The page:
Rajindar Sachar, J.
(1) This is Letters Patent Appeal against the order of the learned single judge by which he dismissed the writ petition and held that the right to receive royalty vested in the Custodian on the migration of the evacuee.
(2) The predecessor in interest of the appellant, by an agreement between him and one Shri D. D. Dhawan and Sheikh Mohd. Abdula who were the co-authors of a book called 'New Method metriculation Geometry' excuted in 1937 was given the publishing and selling rights of the book. The publisher also agreed to pay royalty at 2l/o on the first issue and 25% on the subsequent editions of the book. The agreement was signed in Lahore where one of the coauthors Shri D.D. Dhawan was residing. Sheikh Mohd. Abdula was residing in Delhi. It is a common case that Sheikh. Mohd. Abdula left Delhi as a result of partition in 1947 and is undoubtedly an evacuee, 10th Edition of the book was published in Lahore in May, 1949.
(3) On 13.2.1960 the Assistant Custodian passed an order calling upon the appellant to pay Rs. 20,000.00 as share of the royalty due to Sheikh Mohd. Abdula in the said book. This order was admittedly passed without notice and without hearing the appellant Aggrieved against this order an appeal was filed before the Deputy Custodian General who dismissed the same on 17.5.1960 wherein it was held that the right of Sheikh Mohd. Abdula to receive royalty on the book automatically vested in the Custodian on migration of Sheikh Mohd. Abdula to Pakistan. The appellant filed a writ petition which failed and he has now come up in appeal.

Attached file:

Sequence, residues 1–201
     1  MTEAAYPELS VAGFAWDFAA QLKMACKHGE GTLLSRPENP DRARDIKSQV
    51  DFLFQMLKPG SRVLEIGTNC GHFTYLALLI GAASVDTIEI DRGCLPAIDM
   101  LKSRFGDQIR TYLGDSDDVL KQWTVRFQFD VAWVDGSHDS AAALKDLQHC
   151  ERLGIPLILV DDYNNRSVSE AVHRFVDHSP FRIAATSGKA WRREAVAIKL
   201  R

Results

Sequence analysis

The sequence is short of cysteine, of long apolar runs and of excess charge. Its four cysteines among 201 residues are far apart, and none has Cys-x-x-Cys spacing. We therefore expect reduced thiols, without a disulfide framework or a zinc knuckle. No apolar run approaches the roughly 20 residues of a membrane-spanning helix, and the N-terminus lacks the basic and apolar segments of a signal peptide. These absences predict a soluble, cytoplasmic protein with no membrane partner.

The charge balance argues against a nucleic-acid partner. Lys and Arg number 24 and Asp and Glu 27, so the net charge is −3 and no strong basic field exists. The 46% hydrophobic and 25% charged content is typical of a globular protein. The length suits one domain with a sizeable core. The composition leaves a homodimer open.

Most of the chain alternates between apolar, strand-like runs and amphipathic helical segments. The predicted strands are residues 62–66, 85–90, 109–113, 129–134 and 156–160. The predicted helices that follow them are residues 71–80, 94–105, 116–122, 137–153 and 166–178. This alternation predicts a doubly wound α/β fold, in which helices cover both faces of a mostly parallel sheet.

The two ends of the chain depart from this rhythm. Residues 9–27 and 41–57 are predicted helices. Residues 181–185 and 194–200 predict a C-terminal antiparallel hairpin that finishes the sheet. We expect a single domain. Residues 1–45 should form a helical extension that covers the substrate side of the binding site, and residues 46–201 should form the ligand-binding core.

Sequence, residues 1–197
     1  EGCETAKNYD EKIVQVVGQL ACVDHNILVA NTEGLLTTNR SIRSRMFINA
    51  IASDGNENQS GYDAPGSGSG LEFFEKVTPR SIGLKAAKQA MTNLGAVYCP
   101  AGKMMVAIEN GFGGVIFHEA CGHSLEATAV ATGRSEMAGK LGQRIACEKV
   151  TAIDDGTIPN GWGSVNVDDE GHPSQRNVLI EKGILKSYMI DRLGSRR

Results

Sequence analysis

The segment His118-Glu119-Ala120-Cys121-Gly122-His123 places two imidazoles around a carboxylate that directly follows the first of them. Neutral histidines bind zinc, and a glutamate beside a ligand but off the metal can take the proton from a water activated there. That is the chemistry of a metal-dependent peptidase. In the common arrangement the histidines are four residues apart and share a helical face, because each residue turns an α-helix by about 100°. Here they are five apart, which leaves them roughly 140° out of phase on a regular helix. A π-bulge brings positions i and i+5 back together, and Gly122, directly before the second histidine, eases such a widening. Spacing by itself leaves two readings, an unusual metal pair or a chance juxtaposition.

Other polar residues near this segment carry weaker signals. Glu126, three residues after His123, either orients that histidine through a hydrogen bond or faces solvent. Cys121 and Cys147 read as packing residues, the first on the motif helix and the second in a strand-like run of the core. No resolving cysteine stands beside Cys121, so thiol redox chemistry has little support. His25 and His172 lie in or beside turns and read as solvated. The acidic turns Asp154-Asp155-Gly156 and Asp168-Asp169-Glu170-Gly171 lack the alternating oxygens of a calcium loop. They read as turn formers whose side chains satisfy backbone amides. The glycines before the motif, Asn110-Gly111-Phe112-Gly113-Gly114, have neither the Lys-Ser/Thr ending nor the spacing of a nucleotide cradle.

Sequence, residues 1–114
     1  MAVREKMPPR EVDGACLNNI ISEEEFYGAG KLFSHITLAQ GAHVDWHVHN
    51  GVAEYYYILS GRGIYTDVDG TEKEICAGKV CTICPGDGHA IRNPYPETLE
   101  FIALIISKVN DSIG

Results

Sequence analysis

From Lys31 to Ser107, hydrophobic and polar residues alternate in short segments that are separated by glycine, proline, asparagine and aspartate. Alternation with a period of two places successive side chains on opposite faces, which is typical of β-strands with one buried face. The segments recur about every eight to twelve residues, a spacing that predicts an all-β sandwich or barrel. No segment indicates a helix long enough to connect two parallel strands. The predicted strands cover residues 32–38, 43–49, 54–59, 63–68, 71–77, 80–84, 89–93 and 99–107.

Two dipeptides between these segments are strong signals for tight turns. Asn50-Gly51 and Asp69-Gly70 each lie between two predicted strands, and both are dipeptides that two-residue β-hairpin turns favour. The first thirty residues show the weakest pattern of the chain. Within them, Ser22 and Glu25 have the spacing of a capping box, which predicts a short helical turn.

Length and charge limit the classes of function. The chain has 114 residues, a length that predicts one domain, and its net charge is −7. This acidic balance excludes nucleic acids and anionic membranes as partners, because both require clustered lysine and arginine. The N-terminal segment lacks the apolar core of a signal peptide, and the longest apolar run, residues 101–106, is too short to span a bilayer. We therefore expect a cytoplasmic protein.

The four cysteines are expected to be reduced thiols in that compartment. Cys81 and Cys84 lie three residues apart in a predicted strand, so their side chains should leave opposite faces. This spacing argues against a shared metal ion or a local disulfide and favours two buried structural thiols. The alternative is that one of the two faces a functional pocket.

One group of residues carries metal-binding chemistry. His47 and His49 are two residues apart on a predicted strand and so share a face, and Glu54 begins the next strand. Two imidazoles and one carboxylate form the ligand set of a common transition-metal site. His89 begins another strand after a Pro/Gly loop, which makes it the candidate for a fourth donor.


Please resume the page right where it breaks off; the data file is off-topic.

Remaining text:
(4) Counsel for the appellant, Mr. Parikh has raised challenge to the above finding on the ground that appellants' right to receive royalty is not property which could vest in the Custodian. In the alternative it was also urged that even if the right to receive royalty is property it could not be covered by the East Punjab Evacuees' (Administration of Property) Act, 1947 (hereinafter to be called 1947 Act) as the said Act was passed by the Punjab Legislature which could not legislate with reference to the Moveable property, as being outside its legislative competency.
(5) In 1947 the U.K. Copy Right Act, 1911 was applicable to India by virtue of Indian Copy Right Act, 1914. Admittedly Sheikh Mohd. Abduh was the co-author of the book. Sub-section (2) of Section 1 of the 1911 Act states that 'copyright' means the sole right to produce or reproduce the work or any substantial part thereof in any material form whatsoever to perform . ..the work or any substantial part thereof in public, ..and shall include the sole right:
(A)to produce, reproduce, perform or publish any translation of the work.
(6) Section 5(2) of 1911 Act provides that owner of the copyright in any work may assign the right either wholly or partially and either generally or subject to limitation. That under the Act there can be partial assignment in the sense that any of the various rights that form part of the copyright of a work can be assigned. One of these is the right to publish and sellcopics of a particular book. That the agreement was of this type of partial assignment was so held in litigation between the appellant and the co-author Sh. D. D. Dhawan in R. F. A. 164/51 decided on 8th July, 1953.
(7) In order to decide question in controversy two things have to be decided; (a) Is the claim by which the copyright which belongs to an evaucee is deemed to be vested in the Custodian under the 1947 Act, valid. This question would necessarily depend on the answer to the second question as to what is the nature of the right of copyright, as to whether it is property and also whether it is moveable and what are the incidence of these rights.